Recrystallization of Kaolinite in Gray Kaolins
G. Norman White, J. B. Dixon, R. M. Weaver, A. C. Kunkle, 1993. "Recrystallization of Kaolinite in Gray Kaolins", Kaolin Genesis and Utilization, Haydn H. Murray, Wayne M. Bundy, Colin C. Harvey
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Three gray kaolin sites in Georgia were cored to investigate by X-ray diffraction, radiography, fluorescence and scanning electron microscopy the processes involved in kaolin deposit formation. Kaolinite crystallinity increased and mica content decreased in those regions of the cores containing abundant kaolinite vermiforms. Excess total Fe above that allocated to sulfides correlated well with K content in all reduced kaolins sampled. Allocation of the Fe in the deposit based on the K-Fe correlation suggests that much of the Fe in gray kaolins is present in an Fe-bearing mica impurity. Calculation of the Fe content of the mica using the K as a measure of mica content yields an Fe concentration of 2.9% as Fe2O3 for the mica in samples from both the Cretaceous and Tertiary kaolins. This concentration corresponds to 1 octahedral site in 14 filled by Fe in muscovite. If the remaining Fe is allocated to kaolinite, it would contain 0.15% Fe2O3 (i.e. 1 of every 400 octahedral sites contains Fe). The results of this investigation support a hypothesis that during the development of kaolin deposits Fe is released by the dissolution of mica and is leached or precipitated as sulfides while some of the kaolinite is altered to vermiforms of higher crystallinity.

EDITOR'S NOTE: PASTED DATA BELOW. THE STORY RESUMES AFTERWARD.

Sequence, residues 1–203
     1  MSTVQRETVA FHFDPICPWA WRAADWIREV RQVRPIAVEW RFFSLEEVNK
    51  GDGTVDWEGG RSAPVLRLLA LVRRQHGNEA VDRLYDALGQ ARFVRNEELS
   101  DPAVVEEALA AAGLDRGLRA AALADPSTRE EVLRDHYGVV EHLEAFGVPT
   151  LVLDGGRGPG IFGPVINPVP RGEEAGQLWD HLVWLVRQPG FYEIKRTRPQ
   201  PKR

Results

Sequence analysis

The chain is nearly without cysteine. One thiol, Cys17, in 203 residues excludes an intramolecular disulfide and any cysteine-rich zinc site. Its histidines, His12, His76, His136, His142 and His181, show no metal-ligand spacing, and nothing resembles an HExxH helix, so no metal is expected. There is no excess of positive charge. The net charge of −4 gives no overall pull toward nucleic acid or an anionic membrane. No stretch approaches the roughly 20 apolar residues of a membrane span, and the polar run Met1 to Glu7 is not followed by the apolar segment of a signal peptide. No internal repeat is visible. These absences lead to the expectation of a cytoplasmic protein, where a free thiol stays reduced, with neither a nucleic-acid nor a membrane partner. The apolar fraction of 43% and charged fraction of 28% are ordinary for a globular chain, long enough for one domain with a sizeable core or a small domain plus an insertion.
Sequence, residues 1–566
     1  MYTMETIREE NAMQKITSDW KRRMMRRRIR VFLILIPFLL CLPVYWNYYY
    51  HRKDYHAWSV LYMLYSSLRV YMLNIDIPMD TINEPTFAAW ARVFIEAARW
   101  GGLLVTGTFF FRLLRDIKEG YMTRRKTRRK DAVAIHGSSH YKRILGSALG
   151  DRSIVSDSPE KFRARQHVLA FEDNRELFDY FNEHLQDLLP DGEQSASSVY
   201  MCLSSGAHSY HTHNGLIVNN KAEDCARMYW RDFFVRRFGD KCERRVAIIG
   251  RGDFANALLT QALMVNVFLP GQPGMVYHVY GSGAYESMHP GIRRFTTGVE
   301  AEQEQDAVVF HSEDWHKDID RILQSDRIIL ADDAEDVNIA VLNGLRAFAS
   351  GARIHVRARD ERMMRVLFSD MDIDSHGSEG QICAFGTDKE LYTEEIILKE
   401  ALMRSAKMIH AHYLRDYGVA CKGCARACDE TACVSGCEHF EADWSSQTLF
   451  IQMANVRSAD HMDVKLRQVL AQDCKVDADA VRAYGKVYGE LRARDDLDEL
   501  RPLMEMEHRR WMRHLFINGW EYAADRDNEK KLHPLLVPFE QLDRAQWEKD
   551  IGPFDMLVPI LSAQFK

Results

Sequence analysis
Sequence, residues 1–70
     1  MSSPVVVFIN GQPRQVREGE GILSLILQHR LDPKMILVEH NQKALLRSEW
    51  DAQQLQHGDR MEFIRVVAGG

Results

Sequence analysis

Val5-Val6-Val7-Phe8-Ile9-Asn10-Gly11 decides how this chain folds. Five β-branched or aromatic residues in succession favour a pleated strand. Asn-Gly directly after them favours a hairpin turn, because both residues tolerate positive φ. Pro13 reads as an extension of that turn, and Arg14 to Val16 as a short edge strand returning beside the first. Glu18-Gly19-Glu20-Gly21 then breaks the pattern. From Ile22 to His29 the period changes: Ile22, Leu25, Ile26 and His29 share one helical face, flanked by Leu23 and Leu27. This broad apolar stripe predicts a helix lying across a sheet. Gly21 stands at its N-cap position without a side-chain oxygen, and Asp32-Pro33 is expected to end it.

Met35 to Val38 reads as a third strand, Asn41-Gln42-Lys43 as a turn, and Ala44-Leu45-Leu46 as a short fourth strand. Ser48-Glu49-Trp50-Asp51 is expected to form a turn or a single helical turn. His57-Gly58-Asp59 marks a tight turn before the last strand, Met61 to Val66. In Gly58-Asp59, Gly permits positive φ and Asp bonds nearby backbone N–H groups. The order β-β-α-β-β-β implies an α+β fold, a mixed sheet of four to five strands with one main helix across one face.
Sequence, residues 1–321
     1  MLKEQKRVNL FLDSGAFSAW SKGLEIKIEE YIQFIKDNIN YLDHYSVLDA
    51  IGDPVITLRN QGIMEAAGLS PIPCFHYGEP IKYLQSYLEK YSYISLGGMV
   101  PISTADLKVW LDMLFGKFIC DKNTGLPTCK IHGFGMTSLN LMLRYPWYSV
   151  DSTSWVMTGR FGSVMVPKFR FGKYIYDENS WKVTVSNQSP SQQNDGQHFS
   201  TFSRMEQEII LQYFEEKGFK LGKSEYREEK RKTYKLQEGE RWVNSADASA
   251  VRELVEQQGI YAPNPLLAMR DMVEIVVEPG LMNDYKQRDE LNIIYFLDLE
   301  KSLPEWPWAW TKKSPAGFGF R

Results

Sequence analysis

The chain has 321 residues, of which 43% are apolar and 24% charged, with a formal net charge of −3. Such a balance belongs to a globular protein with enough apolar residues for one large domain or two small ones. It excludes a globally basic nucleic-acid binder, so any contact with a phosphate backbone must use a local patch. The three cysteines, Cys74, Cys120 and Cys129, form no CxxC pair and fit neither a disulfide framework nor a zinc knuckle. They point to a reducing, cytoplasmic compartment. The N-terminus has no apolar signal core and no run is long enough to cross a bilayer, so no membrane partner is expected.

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Kaolin is an important industrial mineral in several world markets including uses in paper coating and filling, ceramics, paint, plastics, rubber, ink, fiberglass, cracking catalysts and many other uses (Murray, 1991). The kaolin minerals kaolinite, halloysite, dickite, and nacrite have essentially similar chemical composition but each has important structural and stacking differences. The most common kaolin mineral and the one that is the most important industrially is kaolinite [Al2Si205(OH)4]. Kaolinite can be formed as a residual weathering product, by hydrothermal alteration, and as an authigenic sedimentary mineral. The residual and hydrothermal occurrences are classed as primary and the sedimentary occurrences as secondary. Primary kaolins are those that have formed in situ usually by the alteration of crystalline rocks such as granites and rhyolites. The alteration results from surface weathering, groundwater movement below the surface or action of hydrothermal fluids. Secondary kaolins are sedimentary which were eroded, transported and deposited as beds or lenses associated with other sedimentary rocks. Most kaolin deposits of secondary origin were formed by the deposition of kaolinite which had been formed elsewhere. Some secondary deposits were formed from arkosic sediments that were altered after deposition, primarily by groundwater. There are far more deposits of primary kaolins in the world than secondary kaolin deposits because special geologic conditions are necessary for both the deposition and preservation of secondary kaolins.